With the news that the 88th edition of the 24 Hours of Le Mans will be postponed to September amidst the ongoing COVID-19 pandemic, a question quickly tends to bubble up: has this ever happened before? It’s an intriguing question worth asking: what are the previous occasions the greatest enduro of them all was delayed, postponed or cancelled alltogether due to a force majeure like we’re seeing in current times? Motorsport Week dives into the history books to find out when the 24 Hours of Le Mans were either cancelled or postponed due to major world events.
1936: Strikes and the Great Depression
The first ever edition of the 24 Hours of Le Mans was held in 1923, known then as the Grand Prix d’ Endurance de 24 Heures. It was won by the all-French pairing of André Lagache and René Leonard in their Chenard & Walcker. During this time, Europe, like most of the western world was right in the middle of the Roaring Twenties, known as the anneés folles or ‘crazy years’ in France.
That changed in 1929 when a Wall Street crash ushered in a decade of economic downfall known today as the Great Depression. Despite this, racing endured at Le Mans for well over another decade, even as the Great Depression arrived in France in 1931, where it had less of an impact than it had in the United States, for example.
That didn’t mean the Great Race went unaffected during this time. Events that would lead to cancellation were set in motion in early 1934, when the French government fell after riots. I’ll spare you the specifics as to what happened next, but a new government did little to quell civil unrest and widespread strikes occurred throughout France, forcing the cancellation of the 1936 edition of the 24 Hours of Le Mans, marking the first time the race wasn’t held since its 1923 inception.
After 1936, business continued as usual at Le Mans, albeit for a short time. Three more races were held in 1937, 1938 and 1939 in which French manufacturer Bugatti proved itself as the team to beat with wins in 1937 and 1939 stopped only by Delahaye in 1938. Little did the French duo of Jean-Pierre Wilmille and Pierre Veyron know, but their 1939 victory would be the last racing Le Mans would see for an entire decade. Months after their win in June 1939, World War II exploded across Europe.
Wimille and Veyron took victory in the Type 57C Tank (Image: Bugatti)
In May 1940, Germany launched their invasion of France. Suddenly, the prospect of racing for 24 hours didn’t seem all that important anymore. That year’s race had been planned for June, but that same month, France fell under German occupation.
While the war ended in 1945, it would take another four years for the 24 Hours of Le Mans to be resumed as the country rebuilt. The track itself also needed to be built up again as it had been used as an airstrip, first by the RAF and later Germany’s Luftwaffe. The race resumed in 1949, and Luigi Chinetti and Peter Mitchell-Thompson took victory with their Ferrari 166MM.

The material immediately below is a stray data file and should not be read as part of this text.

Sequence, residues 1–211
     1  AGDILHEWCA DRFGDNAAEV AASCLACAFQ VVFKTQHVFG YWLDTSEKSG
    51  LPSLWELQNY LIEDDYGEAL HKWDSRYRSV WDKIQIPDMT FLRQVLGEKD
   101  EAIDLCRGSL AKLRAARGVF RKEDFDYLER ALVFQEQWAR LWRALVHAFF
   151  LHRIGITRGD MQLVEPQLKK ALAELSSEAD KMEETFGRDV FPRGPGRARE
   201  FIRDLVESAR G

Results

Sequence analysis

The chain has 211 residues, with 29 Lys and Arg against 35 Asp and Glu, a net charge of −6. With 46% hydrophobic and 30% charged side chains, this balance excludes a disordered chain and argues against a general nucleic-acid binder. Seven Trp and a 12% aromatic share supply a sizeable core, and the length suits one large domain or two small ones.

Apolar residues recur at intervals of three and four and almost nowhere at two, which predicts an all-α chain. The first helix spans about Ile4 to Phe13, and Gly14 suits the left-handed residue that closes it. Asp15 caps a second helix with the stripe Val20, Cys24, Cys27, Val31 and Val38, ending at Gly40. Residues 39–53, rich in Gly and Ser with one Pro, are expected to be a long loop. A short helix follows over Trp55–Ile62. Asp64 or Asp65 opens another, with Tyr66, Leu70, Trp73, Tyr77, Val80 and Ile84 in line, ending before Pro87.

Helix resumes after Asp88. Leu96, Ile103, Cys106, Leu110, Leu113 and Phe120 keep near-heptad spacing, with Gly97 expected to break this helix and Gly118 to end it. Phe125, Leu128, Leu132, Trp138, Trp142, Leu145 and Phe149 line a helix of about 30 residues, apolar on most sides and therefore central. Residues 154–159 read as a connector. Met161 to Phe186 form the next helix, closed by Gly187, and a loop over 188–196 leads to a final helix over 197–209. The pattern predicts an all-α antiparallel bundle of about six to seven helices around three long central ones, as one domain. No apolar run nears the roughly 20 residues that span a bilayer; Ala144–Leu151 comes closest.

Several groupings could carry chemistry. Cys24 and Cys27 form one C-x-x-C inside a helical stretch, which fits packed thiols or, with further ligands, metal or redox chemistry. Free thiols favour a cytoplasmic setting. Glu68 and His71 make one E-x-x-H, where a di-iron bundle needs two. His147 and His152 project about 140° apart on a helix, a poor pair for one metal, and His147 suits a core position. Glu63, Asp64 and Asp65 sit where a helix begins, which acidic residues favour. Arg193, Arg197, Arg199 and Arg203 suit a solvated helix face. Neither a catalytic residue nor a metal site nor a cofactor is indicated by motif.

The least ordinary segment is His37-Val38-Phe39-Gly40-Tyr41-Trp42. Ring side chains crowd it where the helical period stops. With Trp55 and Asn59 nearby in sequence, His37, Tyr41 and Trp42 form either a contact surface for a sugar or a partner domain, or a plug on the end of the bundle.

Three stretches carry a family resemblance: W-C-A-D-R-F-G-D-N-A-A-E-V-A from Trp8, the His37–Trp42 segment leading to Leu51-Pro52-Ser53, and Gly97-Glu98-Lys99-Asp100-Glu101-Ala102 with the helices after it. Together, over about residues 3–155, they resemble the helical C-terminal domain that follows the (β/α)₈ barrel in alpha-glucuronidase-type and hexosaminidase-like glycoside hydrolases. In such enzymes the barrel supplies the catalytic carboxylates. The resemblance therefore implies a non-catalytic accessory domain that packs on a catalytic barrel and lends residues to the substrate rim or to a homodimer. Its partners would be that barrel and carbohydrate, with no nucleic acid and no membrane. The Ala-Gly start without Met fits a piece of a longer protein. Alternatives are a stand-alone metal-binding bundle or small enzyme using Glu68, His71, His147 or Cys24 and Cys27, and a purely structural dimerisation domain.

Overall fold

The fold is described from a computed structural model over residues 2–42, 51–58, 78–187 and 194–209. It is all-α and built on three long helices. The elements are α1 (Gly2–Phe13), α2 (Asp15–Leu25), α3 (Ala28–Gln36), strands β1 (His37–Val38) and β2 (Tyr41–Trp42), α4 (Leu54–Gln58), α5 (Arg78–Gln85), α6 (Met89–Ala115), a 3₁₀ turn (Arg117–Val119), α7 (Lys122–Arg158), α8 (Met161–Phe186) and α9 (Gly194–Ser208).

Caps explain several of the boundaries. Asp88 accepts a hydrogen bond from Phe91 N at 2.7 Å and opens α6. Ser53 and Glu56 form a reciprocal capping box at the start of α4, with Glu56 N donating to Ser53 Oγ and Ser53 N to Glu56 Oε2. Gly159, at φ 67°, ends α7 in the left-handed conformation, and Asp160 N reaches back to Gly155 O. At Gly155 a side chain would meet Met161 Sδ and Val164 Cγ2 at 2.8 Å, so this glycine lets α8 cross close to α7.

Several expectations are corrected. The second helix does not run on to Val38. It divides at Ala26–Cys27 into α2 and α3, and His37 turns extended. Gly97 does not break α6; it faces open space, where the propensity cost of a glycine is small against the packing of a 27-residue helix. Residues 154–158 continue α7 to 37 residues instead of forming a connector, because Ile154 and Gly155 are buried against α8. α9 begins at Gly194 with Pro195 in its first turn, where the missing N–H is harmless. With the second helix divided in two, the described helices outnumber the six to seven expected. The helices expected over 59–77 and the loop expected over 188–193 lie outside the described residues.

This marked the first time the Prancing Horse took overall victory at Le Mans, a feat that would be repeated eight more times, making Ferrari the third most successful Le Mans manufacturer behind Porsche and Audi.
1968: More strikes
The ten year hiatus caused by World War II marked the last time the French endurance classic was called off completely. Since 1949, the race has become an instution, held annually in the summer, with one notable exception in 1968. That year, widespread civil unrest and protests severely impacted the French economy and caused the race to be postponed.
The events, which have since become known as ‘May 68’, began as a series of student occupation protests but escalated into a nationwide general strike that forced the 36th edition of the race to be postponed, held on 28 and 29 september instead and won by the Gulf Ford GT40 of Pedro Rodriguez and Lucien Bianchi.
2020: the global pandemic
And that brings us to 2020, to our current timeline. The fact that the 24 Hours of Le Mans has been postponed for the first time in over 50 years underlines what kind of extraordinary situation we find ourselves in. It was never going to be an easy call to make, but in light of the situation it’s hard to argue that it was not the correct one.
As we’ve seen, Le Mans not going ahead as planned is a very rare occurrence. Let’s hope this year is the last.
Source: Davy Euwema Motorsport Week